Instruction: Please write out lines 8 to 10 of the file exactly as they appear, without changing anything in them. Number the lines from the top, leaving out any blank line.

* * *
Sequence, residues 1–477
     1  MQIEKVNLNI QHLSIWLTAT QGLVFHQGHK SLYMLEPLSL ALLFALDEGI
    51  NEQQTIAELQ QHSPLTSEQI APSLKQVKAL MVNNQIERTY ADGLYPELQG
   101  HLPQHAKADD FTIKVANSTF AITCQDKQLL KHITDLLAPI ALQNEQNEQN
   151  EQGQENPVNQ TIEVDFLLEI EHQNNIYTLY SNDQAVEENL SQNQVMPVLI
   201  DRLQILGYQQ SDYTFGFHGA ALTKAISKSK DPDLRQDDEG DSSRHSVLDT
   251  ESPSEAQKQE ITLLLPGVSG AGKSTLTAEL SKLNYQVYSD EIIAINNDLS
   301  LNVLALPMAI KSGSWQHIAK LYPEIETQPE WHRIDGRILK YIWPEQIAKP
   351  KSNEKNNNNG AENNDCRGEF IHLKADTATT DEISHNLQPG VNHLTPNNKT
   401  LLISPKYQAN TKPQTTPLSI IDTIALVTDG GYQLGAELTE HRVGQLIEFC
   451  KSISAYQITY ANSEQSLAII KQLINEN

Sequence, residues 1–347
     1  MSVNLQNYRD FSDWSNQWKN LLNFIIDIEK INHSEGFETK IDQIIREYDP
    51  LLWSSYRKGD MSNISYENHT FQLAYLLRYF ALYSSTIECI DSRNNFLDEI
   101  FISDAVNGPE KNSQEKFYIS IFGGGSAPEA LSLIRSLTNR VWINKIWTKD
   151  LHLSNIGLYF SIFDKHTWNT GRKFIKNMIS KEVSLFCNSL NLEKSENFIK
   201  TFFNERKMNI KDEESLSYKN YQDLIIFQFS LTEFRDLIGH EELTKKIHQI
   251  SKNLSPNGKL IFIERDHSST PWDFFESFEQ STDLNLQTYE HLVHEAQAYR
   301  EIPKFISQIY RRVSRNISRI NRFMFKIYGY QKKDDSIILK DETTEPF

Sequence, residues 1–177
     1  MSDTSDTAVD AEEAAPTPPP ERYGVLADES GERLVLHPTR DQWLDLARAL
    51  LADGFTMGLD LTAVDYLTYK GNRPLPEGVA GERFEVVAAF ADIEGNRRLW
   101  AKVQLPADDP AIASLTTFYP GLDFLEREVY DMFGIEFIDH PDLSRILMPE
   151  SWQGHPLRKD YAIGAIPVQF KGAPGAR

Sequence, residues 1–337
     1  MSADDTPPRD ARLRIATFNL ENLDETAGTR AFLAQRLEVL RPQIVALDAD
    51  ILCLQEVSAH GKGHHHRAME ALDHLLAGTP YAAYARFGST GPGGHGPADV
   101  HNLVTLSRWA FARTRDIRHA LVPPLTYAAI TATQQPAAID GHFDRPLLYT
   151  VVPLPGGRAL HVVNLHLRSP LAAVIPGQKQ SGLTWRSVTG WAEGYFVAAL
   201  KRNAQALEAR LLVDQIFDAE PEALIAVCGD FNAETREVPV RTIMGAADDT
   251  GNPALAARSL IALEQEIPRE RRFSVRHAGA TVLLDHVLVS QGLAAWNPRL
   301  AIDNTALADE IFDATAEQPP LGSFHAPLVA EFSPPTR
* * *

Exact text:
   301  LNVLALPMAI KSGSWQHIAK LYPEIETQPE WHRIDGRILK YIWPEQIAKP
   351  KSNEKNNNNG AENNDCRGEF IHLKADTATT DEISHNLQPG VNHLTPNNKT
   401  LLISPKYQAN TKPQTTPLSI IDTIALVTDG GYQLGAELTE HRVGQLIEFC